Connectivity, on the other hand, is predominantly excellent. Starting on the left edge you’ll find S-Video and D-SUB, which is then followed by a socket labelled Expansion Port 3 for use with a docking station, Ethernet, HDMI and a four-pin FireWire. These are followed by the 54mm ExpressCard slot, with the 5-in-1 card reader below that adding support for Secure Digital (SD), MMC, xD, Memory Stick and Memory Stick Pro formats.
Moving to the front of the machine you’ll first notice the status lights, which have two sets of symbols on the lid and inside the notebook showing what each of them stand for. Next there’s a wireless on/off switch, with an infrared receiver, microphone jack and dual headphone sockets completing the set.
Finally, on the right edge, most of the space is taken up by the optical drive, which we’ve already covered. However, there is space remaining for the only two USB ports, a modem port and the DC-in. Indeed, if one were to have a criticism of the connectivity it would be the lack of a third USB port. Moreover, those that are present are quite close together so any large devices would likely block the second port, though this is nothing a USB hub couldn’t solve.
The Fingerprint Reader is neatly tucked away in the right hand corner out of the way but easily accessible too. Also well integrated is the touchpad, which is finished in glossy and smooth black and recessed slightly into the chassis. We also like the aforementioned on/off button and the spring mounted mouse buttons, though these are an acquired taste and many still prefer those that click instead.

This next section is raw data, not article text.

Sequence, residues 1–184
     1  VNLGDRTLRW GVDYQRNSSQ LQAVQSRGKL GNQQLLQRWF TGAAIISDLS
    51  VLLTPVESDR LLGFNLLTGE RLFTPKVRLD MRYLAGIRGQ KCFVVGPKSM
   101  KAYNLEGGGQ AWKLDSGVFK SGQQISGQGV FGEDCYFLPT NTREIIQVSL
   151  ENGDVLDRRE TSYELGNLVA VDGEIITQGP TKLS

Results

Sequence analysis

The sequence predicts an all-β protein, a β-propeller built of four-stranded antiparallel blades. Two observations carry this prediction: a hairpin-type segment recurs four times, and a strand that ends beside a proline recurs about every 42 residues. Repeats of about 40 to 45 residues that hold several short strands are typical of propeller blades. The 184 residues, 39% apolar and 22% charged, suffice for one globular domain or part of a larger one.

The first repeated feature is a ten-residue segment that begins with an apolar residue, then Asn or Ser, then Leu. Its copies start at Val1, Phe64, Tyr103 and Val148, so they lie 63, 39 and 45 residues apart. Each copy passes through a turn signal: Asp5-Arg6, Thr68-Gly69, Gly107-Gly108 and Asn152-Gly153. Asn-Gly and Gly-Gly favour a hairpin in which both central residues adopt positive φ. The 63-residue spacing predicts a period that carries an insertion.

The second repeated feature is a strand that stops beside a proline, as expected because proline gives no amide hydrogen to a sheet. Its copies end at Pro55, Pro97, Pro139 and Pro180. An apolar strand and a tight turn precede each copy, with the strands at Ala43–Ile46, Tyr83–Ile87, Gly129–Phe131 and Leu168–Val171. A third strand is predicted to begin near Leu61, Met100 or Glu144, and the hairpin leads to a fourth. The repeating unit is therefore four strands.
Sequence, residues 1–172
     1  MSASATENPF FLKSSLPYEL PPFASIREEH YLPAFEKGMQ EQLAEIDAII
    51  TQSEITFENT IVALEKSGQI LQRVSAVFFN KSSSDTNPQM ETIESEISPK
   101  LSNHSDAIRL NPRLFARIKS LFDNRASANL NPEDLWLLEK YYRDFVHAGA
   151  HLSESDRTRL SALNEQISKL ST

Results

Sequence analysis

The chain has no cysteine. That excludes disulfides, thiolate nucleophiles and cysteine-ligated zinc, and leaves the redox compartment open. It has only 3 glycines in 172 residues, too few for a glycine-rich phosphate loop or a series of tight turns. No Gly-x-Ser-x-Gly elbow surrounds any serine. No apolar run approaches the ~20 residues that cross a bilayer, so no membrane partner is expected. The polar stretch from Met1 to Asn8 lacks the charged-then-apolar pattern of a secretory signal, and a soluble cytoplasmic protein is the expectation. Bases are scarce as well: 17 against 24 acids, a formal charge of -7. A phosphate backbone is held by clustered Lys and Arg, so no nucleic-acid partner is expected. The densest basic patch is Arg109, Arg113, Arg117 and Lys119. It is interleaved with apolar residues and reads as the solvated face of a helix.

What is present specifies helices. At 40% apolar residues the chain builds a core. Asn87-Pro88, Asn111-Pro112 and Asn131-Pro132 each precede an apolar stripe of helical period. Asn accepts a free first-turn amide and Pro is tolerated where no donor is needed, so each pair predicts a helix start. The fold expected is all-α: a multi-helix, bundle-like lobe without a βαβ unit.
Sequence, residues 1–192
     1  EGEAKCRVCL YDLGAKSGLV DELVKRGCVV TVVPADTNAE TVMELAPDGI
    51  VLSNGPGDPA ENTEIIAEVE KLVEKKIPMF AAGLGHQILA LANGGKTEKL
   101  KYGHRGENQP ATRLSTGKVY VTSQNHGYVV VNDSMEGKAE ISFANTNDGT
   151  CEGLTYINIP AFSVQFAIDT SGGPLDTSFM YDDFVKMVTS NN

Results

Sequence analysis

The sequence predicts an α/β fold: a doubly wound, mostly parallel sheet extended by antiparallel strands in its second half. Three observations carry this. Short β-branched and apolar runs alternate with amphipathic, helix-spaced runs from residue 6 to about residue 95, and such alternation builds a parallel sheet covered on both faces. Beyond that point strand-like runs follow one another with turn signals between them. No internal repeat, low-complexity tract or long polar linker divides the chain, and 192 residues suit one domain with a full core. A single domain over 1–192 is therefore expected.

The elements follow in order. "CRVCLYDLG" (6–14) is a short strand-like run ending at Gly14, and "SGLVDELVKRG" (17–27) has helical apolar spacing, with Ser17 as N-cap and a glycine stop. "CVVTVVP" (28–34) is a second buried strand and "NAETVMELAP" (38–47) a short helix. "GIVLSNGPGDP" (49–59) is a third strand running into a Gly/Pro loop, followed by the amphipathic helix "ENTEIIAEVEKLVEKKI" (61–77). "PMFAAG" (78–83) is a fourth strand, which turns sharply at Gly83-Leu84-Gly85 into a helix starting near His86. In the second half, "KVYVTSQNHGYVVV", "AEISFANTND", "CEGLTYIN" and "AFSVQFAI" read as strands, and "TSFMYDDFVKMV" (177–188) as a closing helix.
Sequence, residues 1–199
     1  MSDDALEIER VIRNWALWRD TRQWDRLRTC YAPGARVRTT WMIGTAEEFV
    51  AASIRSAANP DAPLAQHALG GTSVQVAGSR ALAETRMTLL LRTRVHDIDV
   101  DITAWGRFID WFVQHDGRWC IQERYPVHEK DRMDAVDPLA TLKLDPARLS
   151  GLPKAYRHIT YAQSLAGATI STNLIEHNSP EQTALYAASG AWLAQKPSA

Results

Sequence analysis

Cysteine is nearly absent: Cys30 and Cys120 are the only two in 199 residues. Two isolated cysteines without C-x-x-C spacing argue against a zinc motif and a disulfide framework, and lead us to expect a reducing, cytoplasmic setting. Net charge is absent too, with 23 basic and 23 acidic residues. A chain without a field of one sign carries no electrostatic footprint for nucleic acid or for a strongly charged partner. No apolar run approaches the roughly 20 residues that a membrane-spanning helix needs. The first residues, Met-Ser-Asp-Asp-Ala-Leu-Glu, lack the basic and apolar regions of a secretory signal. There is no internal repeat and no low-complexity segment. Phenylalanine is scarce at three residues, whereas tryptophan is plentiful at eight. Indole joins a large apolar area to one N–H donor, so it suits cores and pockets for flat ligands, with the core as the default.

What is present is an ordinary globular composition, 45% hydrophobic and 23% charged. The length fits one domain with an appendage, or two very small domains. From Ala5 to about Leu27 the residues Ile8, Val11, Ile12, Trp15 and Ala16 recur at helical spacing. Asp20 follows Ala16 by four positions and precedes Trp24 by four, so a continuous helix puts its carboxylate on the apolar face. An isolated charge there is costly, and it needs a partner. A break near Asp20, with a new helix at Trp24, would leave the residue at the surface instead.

Of course, another important aspect of any notebook is its display and here the dv2699 is solid but not really outstanding. A native resolution if 1,280 x 800 is par for the course and a glossy finish gives it a crisp and clear quality, but it’s not an especially colourful or vibrant screen and the viewing angles are average at best. Overall, though not bad, it doesn’t quite live up to the very high standards set by the rest of the machine even if it won’t disappoint the majority of users.
And, when we speak of high standards, one must mention the excellent speakers. In films, dialogue is crisp and clear and though they’re obviously not bass heavy, explosions and other loud effects are dealt with competently. Much the same can be said of music, with all sorts of styles rendered very well and with a surprisingly convincing soundscape. It’s certainly an improvement over the likes XPS M1330, whose speakers are one the few low points.
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